Each year, the South by Southwest (SXSW) conference puts Austin, Texas center stage as it gathers great creative thinkers and doers from around the world – and each year, Intouch is there (this year, of course, virtually). This post is part of our series on the major themes our team saw arising from the thousands of sessions and speakers talking about health, tech, creativity, and innovation at SXSW 2021.

When the pandemic has managed to burn out even the SXSW crowd on the idea of “technology for technology’s sake,” you know it’s real. But after a COVID-caused year of technology-mediated communication, nobody is that excited about another screen interaction – not even the tech fiends of SXSW, who are known for lining up for blocks each year to play with the latest and greatest (and, sometimes, the wackiest) new gizmos. We all just miss hugs.

That primal homesickness for fellow humans that’s being felt around the world, and what that’s helped us to discover about technology, was covered in quite a few SXSW presentations – all delivered, of course, virtually. This craving for intentional, authentic interaction is causing us to almost reject technology, because it’s the only option we have left to connect.

We Still Need Tech to Stay Connected
As Yuval Noah Harari said, “Just like AIDS didn’t kill sex, COVID won’t kill hugs.” In-person interactions can’t be replaced by technology – but the judicious use of tech can still help us get by. Livestreams can help us feel more connected than asynchronous recordings. Audio and video (as well as AR) can give more emotional context to interactions.

Livestreams like the Verzuz series have proven this out, as has the metaverse, the world of interactions that take place in virtual (often transmedia) spaces. The Intouch SXSW team itself shared one debrief in Gather, a customizable online space that looks a bit like a cross between Zoom and Legends of Zelda. New apps like Dipso aim to help us live in the moment – Dipso constrains your phone camera like a roll of film, taking your photos but not letting you see them till the next day.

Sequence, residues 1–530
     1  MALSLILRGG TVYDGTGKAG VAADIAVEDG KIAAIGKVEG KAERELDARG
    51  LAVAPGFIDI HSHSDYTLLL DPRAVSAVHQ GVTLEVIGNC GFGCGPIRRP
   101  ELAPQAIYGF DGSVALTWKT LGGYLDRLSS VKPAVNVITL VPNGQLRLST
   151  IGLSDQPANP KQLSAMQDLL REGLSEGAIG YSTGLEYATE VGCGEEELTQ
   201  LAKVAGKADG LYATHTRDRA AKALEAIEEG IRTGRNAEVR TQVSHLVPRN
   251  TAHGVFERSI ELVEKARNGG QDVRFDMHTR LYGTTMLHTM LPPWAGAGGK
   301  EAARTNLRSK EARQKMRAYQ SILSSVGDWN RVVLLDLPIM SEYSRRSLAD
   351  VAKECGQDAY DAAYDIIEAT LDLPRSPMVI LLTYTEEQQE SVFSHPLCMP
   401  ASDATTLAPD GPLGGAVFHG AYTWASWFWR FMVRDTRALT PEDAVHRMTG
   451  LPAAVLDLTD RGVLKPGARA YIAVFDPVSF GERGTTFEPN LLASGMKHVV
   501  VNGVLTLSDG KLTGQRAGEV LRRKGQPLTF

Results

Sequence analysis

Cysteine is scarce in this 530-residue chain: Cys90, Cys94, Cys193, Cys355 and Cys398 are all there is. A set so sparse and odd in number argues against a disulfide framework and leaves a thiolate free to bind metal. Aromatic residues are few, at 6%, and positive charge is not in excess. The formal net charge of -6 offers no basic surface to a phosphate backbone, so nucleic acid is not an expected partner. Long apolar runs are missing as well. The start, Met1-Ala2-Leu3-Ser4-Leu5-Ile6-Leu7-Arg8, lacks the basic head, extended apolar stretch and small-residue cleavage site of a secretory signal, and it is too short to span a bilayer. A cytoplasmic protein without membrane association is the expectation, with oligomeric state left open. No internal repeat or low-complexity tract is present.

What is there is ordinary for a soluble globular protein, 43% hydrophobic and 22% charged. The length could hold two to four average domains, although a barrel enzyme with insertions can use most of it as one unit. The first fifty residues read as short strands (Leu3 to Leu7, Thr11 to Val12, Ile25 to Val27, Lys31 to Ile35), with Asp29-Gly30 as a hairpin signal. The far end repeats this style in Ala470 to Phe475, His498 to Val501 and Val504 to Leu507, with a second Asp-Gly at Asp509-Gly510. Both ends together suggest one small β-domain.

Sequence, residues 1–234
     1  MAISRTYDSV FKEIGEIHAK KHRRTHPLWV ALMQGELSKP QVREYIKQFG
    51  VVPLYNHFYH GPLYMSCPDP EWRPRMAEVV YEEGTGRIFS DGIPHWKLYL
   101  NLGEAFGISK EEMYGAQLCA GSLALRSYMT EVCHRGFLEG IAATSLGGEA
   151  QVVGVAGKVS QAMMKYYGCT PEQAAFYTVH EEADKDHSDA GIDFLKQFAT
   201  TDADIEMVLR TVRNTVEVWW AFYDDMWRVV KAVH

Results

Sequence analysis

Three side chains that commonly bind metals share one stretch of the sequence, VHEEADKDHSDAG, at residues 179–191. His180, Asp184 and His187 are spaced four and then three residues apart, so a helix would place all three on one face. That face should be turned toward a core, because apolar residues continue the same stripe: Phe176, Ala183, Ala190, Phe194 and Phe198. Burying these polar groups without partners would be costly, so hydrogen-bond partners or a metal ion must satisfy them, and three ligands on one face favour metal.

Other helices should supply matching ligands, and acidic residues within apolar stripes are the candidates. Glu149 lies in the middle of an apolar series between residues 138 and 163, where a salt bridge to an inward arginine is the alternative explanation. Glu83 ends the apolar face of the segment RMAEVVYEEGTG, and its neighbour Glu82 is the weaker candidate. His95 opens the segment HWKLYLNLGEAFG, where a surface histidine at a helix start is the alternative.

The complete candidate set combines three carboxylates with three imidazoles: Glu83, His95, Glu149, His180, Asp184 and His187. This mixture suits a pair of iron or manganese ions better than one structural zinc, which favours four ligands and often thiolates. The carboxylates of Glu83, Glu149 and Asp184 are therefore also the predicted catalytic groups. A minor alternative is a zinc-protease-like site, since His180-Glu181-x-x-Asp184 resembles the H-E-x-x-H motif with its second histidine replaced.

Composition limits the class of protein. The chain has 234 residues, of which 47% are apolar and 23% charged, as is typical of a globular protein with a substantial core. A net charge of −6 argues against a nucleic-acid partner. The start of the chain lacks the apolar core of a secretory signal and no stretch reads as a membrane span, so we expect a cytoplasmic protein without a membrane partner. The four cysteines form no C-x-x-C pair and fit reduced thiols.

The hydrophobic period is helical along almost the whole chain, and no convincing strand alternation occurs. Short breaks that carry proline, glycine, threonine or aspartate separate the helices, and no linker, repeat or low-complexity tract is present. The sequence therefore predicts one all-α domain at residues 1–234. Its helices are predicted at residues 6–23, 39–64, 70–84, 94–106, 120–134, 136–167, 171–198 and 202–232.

Technology that forces us to “look up,” to see who we are with and what we are doing in a new way, is powerfully helpful. And technology that helps us tell a good story better is what matters – not technology that is the story itself.

What does this mean for pharma marketers’ use of technology?

Authenticity Is More Than Just a Buzzword
It’s a renewed call to be consultants, not salespeople. It’s a reminder that credibility and intention go hand in hand. It’s a gut check that “authentic” isn’t a buzzword but a way of being.

The documentary “Introducing, Selma Blair,” which premiered at SXSW, was an example of this – Variety called it “eye-opening and empathetic,” as well as “warmly self-aware and self-deprecating, with a mordant sense of humor.” It’s hard to tell difficult, complicated, varying stories – ones that, like life, don’t always follow the expected path. But they’re the ones that make the difference. All too often, brands and influencers hope they can show an audience what they think the audience wants to see, rather than real narratives, complete with real human emotions – and their work is lesser for it.

While people might come to online platforms because of their interest in a topic (any topic: e-sports, exercising, gardening, etc.), they stay because of the community and the authentic relationships they’ve created.